Some of the other quotes you mention are suggesting that happiness IS a choice; these are wrong. No one can choose happiness. You either are happy or you aren’t! We all want to be happy, as you say. It’s what we are all striving for in life and it’s a difficult thing to obtain because so many of us are not happy – mental illness or not.

    What these quotes really mean is that you can choose to do things which make you make you feel good, better, move yourself in the right direction so you can maybe become happy. And here’s what so many people with mental illness don’t understand (including myself for large periods when I had an anxiety disorder) – you have to take action to TRY and become happy, otherwise nothing will change. You write about this so well and I’m glad you mention this because I see too many people with anxiety and depression who complain about these quotes but are still repeating the same negative patterns which keep them down.

    So yes, SOME of these quotes are wrong BUT if you want escape certainly anxiety and depression, you DO have to make a choice and that is to move towards positive thinking. Happiness is only a byproduct of positive thinking but just trying, making an effort, taking action to move towards that, is still a choice. Getting angry at a quote isn’t going to help with that and whilst I understand people’s frustrations, it doesn’t do any good. If anything, it’s the exact opposite of what Wayne Dyer is trying to tell us in his quote.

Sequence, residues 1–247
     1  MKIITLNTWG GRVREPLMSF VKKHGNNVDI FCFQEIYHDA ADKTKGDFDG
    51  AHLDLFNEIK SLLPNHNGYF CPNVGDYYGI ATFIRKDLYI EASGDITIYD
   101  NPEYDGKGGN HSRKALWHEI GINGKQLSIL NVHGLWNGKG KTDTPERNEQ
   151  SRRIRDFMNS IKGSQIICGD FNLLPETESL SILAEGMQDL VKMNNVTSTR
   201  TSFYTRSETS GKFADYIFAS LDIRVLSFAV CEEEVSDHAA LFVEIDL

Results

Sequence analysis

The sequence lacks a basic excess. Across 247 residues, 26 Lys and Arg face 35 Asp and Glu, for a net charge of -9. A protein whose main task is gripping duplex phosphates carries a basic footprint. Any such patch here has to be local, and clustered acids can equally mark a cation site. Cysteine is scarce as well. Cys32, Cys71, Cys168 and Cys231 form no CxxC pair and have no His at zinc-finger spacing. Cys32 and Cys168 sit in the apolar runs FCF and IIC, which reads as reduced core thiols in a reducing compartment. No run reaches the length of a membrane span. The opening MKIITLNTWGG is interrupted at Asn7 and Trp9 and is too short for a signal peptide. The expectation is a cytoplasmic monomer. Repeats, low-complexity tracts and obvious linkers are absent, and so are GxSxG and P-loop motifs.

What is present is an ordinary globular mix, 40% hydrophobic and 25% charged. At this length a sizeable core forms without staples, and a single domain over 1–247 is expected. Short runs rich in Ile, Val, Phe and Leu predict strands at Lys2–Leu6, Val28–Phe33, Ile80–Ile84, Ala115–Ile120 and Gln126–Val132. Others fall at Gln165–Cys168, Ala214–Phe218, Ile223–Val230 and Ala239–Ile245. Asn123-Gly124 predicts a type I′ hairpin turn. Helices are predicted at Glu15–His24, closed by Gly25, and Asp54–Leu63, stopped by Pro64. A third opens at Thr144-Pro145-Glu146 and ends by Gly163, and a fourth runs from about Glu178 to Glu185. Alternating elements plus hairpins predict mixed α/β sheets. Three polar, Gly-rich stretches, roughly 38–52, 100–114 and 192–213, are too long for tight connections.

Liked by 1 person

  14. rainicorn

    Choose life. That really helps me alter my perspective and my intentions. So many platitudes come our way through social media, at least mine. One that gets me is hastag blessed. My mind rebels and say f* you. Guess I feel sad really, like why do I need to work so hard at something many others can take for granted, but everything passes, and I’m not sad for long; just at my low points, like what you describe so well. Thanks for your helpful post. I’m thinking about comment about choosing life.


  15. I feel as if more young people are starting to be affected by mental health and this issue is really important to me for people to be aware about, that’s why my first blog post was dedicated to it which you may want to read. Also, I think that it isn’t just mental health influencing happiness there are also others such as, family, friends and arguments etc.


  16. richardjalba

    Based on my personal experience, there are some people who simply won’t feel happiness. At best they are content or undisturbed. Sometimes I even wonder what it means to be happy. But I know that I’d rather have success than happiness – it’s something that I value more. But that’s my own personal philosophy. I’m not going to offer you solutions because I don’t know your perspective. I wish you the best though. And yes, those motivational quotes are especially annooying.


  17. Reblogged this on Living with depression and commented:
    I stole this because this is 100% how I feel about those stupid motivational quotes.


  18. While I like some motivational quotes, I do agree that many are simplistic and a little too cheery. What I really don’t like is for strangers to say things like, “Smile! It can’t be that bad.” It’s been a long time since anyone’s said this to me, but when I used to hear it I wanted to tell them off or smack them. But, being a nice girl, I’d just give them a little smile. Anyway, I digress. Happiness isn’t a choice, but as you said, there are things we can do to help ourselves deal with our mental illnesses.